The pharma pharmacy story is about to get much, much worse

The drug industry is taking a giant step forward in 2016.

A federal judge on Thursday struck down the Federal Food, Drug, and Cosmetic Act (FDCA), a federal law that made it harder for the government to shut down the opioid industry.

It’s the first time in U.S. history that a federal judge has declared a drug law unconstitutional, and it came after decades of attempts by drug companies to fight the law’s enforcement. 

The ruling by U.K. District Judge Katherine Forrest, which was made public on Thursday, also overturned a ban on the sale of the opioid fentanyl.

The ruling was also significant because it effectively ends the federal government’s prohibition of fentanyl, which is manufactured from morphine. 

As Forrest wrote in her ruling, fentanyl is “not an addictive substance and does not have the destructive characteristics of morphine or the same addictive qualities of heroin. 

Fentanyl has been found to be safe, legal, and effective for patients suffering from chronic pain and opioid-induced respiratory distress syndrome.” 

Families and physicians have argued that the law would lead to the closure of more than 100,000 pharmacies nationwide, and that it would cost $200 billion in lost productivity.

The ruling could lead to similar moves by the Drug Enforcement Administration (DEA), which in 2014 issued a similar order, halting the sale and use of fentanyl in the United States.

The DEA has also said it is concerned that the FDA order would force pharmacies to close or limit access to opioid pain medications.

But Forrest said that the DEA order would be “just another example of how the FDA’s actions threaten to jeopardize the safety and health of Americans.”

The DEA issued its own order halting the distribution of fentanyl last year, but the ruling by Forrest effectively makes that order permanent.

“Fentanyl is now more dangerous than heroin and morphine combined, and the DEA cannot be allowed to make it easier for the fentanyl industry to sell the deadly drug,” said Dana Vollmer, the executive director of Families Against Prescription Drug Abuse, in a statement.

Drug companies have long lobbied for the law to be overturned, and they have been particularly vocal about the DEA’s decision to block the sale.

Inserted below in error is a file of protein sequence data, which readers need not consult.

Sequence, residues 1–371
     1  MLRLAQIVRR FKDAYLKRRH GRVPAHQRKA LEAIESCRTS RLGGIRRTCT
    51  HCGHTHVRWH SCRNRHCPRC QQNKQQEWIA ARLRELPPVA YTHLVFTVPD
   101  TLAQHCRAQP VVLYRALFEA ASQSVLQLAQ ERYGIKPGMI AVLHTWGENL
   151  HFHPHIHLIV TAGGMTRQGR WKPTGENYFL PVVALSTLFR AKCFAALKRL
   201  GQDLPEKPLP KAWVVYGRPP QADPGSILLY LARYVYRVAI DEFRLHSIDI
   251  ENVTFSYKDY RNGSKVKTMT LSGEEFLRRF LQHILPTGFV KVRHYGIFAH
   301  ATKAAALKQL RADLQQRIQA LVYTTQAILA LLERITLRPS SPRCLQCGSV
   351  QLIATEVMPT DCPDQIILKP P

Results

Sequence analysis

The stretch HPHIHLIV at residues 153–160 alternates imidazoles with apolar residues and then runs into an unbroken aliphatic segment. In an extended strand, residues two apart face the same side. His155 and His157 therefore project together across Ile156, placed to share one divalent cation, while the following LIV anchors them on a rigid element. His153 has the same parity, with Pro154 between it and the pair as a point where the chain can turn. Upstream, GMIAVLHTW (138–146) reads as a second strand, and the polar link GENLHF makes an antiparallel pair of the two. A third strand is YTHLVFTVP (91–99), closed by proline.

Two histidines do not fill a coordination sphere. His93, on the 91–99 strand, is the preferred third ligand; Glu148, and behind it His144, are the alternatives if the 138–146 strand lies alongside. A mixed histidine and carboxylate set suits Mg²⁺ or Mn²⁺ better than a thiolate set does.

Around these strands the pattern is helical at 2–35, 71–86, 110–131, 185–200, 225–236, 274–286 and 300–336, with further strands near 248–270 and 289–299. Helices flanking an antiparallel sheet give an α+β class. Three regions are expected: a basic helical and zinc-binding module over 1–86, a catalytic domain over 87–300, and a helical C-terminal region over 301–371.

In March, the drug industry spent more than $40 million on a digital advertising campaign to push the FDA to block fentanyl. 

In February, the House of Representatives passed legislation to repeal the FDCA.

The House has been working on a bill since January that would extend its current prohibition to include fentanyl.

While many of the drugs the DEA banned were made by big pharmaceutical companies, such as Pfizer, Amgen, and Pfizer-Merck, many smaller companies were also impacted by the drug ban. 

While the FDA does not enforce the law on a nationwide basis, the agency is attempting to crack down on fentanyl.

Last week, the DEA announced a crackdown on fentanyl-laced pharmaceuticals in the states of Florida, Illinois, Iowa, Ohio, Pennsylvania, and Wisconsin.

In Florida, the Drug and Cosmetic Board (DCB) ordered a $50,000 fine against a pharmacy in Gainesville, Florida, which allegedly sold fentanyl-containing products.

Last month, the DCB ordered the closure in Ohio of two pharmacy chains that were accused of selling fentanyl-related drugs, including the Opioid Addiction Foundation of Central Ohio.

In addition to the FDA, the FDA also took aim at the DEA in March, when the agency filed a petition in federal court in Washington, D.C., to block enforcement of the law against the drug manufacturer. 

But Forrest sided with the DEA, ruling that the agency’s action was an overreach of its authority under the FDDA.

“I would agree that the FDTA is a significant and substantial obstacle to the DEA [s] ability to enforce the Controlled Substances Act against the fentanyl manufacturers,” she wrote.

“This is not about enforcing the law, this is about preventing the DEA from having to deal with these manufacturers in the first place.” 

In April, the Supreme Court agreed with Forrest’s ruling, and wrote a pair of opinions that upheld the FDMA.

“Although the FDRA may be an effective tool for stopping fentanyl trafficking, the court is troubled by the DEA and its continued use of the FDIA to stifle competition,” the two opinions stated.

“The FDIA does not address the potential for opioid substitution of other drugs or drugs manufactured from other sources and, as a result, the FDAA has been applied inconsistently with the statutory intent of Congress in a variety of contexts. 

“In the meantime, we will continue to vigorously defend the FDA”

We are confident that we will prevail in the courts and in Congress in our fight to preserve and protect our lives, our families, and our communities,” said Michael Kofman, the president of the Pharmaceutical Research and Manufacturers of America, in an emailed statement.

“In the meantime, we will continue to vigorously defend the FDA